No animal except Man was permitted to have his education thus prolonged. Many creatures were allowed to stay at school for a few days or weeks, but to one only was given a curriculum complete enough to accomplish its exalted end. Watch two of the highest organisms during their earliest youth, and observe the striking contrast in the time they are made to remain at their Mother’s side. The first is a human infant; the second, born, let us suppose, on the same day is a baby monkey. In a few days or weeks the baby monkey is almost able to leave its Mother. Already it can climb, and eat, and chatter like its parents; and in a few weeks more the creature is as independent of them as the winged-seed is of the parent tree. Meantime, and for many months to come, its little twin is unable to feed itself, or clothe itself, or protect itself; it is a mere semi-unconscious chattel, a sprawling ball of helplessness, the world’s one type of impotence. The body is there in all its parts, bone for bone and muscle for muscle, like the other. But somehow this body will not do its work. Something as yet hangs fire. The body has eyes but they see not, ears but they hear not, limbs but they walk not. This body is a failure. Why does the human infant lie like a log on the forest-bed while its nimble prototype mocks it from the bough above? Why did that which is not human step out into life so long before that which is?

The question has been answered for us by Mr. John Fiske, and the world here owes to him one of the most beautiful contributions ever made to the Evolution of Man. We know what this delay means ethically—it was necessary for moral training that the human child should have the longest possible time by its Mother’s side—but what determines it on the physical side? The thing that constitutes the difference between the baby monkey and the baby man is an extra piece of machinery which the last possesses and the first does not. It is this which is keeping back the baby man. What is that piece of machinery? A brain, a human brain. The child, nevertheless, is not using it. Why? Because it is not quite fitted up. Nature is working hard at it; but owing to its intricacy and delicacy the process requires much time, and till all is ready the babe must remain a thing. And why does the monkey-brain get ready first? Because it is an easier machine to make. And why should it be easier to make? Because it is only required to do the life-work of an Animal; the other has to do the life-work of a Man. Mental Evolution, in fact, here steps in, and makes an unexpected contribution to the ethical development of the world.

An apparatus for controlling one of the lower animals can be turned out from the workshop of Nature sometimes in a day. The wheels are few, the works are simple, the connections require little time for adjustment or correction. Everything that a humble organism will do has been done a million times by its parents, and already the faculties have been carefully instructed by heredity and will automatically repeat the whole life and movement of their race. But when a Man is made, it is not an automaton that is made. This being will do new things, think new thoughts, originate new ways of life. His immediate ancestors have done the same, but done some of them so seldom, and others of them for so short a time, that heredity has failed to notice them. For half the life therefore that lies before the human offspring no storage of habit has been handed down from the past. Each descendant must carve a way through the world for itself, and learn to comport itself through all the varying incidents of life as best it can. Now the equipment for this is very complex. Into the infant’s frame must be fitted not only the apparatus for automatic repetition of what its parents have done, but the apparatus for intelligent initiation; not only the machinery for carrying on the involuntary and reflex actions—involuntary and reflex because they have been done so often by its ancestors as to have become automatic—but for the voluntary and self-conscious life which will do new things, choose fresh alternatives, seek higher and more varied ends. The instrument which will attend to breathing even when we forget it; the apparatus which will make the heart beat even though we try to stop it; the self-acting spring which makes the eyelid close the moment it is threatened—these and a hundred others are old and well-tried inventions which, from ceaseless practice generation after generation, work perfectly in each new individual from the start. Nature therefore need waste no time at this late day on their improvement. But the higher brain is comparatively a new thing in the world. It has to undertake a vaster range of duties, often totally new orders of duties; it has to do things which its forerunners had not quite learned to do, or had not quite learned to do unthinkingly, and the inconceivably complex machinery requires time to settle to its work. The older brain-processes have been greatly accelerated even now, and appear in full activity at an early stage in the infant’s life, but the newer and the higher are in perfect order only after a considerable interval of adjustment and elaboration.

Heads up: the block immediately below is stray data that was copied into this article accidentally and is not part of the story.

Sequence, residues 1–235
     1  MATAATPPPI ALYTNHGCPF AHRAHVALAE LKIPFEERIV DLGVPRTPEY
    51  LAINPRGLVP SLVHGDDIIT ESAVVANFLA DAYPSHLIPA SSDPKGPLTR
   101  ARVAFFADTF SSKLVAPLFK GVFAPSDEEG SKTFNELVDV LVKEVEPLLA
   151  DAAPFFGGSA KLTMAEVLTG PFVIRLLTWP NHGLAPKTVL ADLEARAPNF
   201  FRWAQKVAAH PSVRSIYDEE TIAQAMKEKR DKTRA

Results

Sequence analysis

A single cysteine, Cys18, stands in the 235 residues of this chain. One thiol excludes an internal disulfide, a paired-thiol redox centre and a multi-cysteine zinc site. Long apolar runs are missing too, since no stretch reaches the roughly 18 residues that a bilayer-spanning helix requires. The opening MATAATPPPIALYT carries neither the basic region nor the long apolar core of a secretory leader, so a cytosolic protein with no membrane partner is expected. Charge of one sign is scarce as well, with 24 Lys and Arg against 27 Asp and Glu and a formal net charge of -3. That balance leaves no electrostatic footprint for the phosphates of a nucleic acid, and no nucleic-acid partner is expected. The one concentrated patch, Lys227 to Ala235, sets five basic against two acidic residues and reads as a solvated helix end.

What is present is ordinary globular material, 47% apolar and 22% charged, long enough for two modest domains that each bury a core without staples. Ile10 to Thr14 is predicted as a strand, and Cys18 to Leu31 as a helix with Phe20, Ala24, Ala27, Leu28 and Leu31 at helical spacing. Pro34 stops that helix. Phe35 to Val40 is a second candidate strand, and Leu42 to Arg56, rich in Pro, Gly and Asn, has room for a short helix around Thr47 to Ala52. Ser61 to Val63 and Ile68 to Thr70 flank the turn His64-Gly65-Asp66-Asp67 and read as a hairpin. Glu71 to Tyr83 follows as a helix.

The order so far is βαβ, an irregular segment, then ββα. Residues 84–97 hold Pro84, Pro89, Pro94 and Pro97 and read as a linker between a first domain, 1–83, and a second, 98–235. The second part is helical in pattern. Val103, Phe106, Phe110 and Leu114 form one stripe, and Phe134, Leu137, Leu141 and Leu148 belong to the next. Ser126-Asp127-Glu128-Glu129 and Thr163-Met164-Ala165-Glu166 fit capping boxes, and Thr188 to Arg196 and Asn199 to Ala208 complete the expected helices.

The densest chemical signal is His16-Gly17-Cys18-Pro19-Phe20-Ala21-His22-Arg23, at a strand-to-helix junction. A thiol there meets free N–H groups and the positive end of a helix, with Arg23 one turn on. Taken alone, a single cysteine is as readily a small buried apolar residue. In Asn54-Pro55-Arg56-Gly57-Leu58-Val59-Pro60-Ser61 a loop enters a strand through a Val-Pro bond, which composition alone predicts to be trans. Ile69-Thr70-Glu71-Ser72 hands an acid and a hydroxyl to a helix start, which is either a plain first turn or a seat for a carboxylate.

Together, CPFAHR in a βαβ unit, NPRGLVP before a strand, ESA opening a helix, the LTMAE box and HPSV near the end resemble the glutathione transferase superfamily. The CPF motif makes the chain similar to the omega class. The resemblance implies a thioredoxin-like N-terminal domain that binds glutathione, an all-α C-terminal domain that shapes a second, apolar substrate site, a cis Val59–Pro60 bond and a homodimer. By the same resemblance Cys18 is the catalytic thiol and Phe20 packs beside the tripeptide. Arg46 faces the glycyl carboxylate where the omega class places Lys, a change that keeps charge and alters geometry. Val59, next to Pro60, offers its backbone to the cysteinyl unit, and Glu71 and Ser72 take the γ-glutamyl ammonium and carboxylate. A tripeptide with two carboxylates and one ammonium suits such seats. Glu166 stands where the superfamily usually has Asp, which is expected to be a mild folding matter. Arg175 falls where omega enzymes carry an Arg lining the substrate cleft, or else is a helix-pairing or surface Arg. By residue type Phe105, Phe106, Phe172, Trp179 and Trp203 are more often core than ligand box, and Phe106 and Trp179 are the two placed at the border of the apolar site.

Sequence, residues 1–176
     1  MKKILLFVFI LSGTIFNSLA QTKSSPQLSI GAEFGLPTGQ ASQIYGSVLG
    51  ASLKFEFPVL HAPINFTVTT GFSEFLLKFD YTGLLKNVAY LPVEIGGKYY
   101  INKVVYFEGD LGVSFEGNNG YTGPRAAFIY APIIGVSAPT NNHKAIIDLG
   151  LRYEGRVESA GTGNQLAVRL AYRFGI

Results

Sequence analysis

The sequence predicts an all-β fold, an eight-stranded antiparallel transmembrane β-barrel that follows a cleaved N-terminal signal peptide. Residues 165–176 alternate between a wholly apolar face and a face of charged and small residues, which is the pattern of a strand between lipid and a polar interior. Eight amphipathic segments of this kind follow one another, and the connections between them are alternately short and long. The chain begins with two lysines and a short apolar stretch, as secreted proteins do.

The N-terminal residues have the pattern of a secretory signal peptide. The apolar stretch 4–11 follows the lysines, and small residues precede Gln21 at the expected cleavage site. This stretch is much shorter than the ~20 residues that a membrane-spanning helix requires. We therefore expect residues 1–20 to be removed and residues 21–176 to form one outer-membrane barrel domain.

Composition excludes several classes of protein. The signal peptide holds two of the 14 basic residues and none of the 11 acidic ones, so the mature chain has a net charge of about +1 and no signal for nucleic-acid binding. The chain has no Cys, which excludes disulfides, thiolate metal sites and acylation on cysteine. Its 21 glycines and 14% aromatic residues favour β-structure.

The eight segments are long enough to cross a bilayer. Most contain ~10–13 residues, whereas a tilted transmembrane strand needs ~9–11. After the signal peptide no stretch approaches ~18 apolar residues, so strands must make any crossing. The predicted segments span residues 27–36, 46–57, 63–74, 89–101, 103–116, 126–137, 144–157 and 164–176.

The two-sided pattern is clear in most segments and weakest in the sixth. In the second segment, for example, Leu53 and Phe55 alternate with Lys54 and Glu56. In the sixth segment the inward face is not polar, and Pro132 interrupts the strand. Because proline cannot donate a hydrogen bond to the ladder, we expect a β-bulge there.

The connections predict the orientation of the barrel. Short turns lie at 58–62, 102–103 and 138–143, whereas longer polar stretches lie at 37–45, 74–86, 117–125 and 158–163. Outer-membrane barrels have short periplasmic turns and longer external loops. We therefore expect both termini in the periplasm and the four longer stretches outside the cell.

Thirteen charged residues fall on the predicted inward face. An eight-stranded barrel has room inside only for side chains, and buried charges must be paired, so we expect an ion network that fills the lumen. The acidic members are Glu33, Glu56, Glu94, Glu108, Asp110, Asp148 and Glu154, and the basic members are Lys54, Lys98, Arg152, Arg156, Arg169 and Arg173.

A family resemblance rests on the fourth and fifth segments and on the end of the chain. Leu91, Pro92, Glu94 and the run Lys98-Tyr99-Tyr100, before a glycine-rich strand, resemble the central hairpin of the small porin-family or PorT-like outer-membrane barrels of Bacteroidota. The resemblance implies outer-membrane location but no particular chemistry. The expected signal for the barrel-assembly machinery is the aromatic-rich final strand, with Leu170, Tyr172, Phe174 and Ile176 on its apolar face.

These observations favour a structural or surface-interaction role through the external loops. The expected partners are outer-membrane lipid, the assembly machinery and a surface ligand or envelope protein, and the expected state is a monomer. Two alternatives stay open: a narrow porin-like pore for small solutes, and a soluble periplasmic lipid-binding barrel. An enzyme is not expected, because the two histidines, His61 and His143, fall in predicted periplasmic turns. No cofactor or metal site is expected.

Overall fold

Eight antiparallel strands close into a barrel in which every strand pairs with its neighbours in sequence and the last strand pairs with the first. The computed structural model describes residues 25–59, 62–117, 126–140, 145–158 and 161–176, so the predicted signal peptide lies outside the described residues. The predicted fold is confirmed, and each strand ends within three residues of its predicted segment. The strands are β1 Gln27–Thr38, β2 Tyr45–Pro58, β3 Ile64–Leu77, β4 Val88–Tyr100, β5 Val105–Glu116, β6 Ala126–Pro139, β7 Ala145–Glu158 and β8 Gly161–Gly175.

Now Infancy, physiologically considered, means the fitting up of this extra machinery within the brain; and according to its elaborateness will be the time required to perfect it. A sailing vessel may put to sea the moment the rigging is in; a steamer must wait for the engines. And the compensation to the steamer for the longer time in dock is discovered by and by in its vastly greater usefulness, its power of varying its course at will, and in its superior safety in time of war or storm. For its greater after-usefulness also, its more varied career, its safer life, humanity has to pay tribute to Evolution by a delayed and helpless Infancy, a prolonged and critical constructive process. Childhood in its early stage is a series of installations and trials of the new machinery, a slow experimenting with powers and faculties so fresh that heredity in handing them down has been unable to accompany them with full directions as to their use.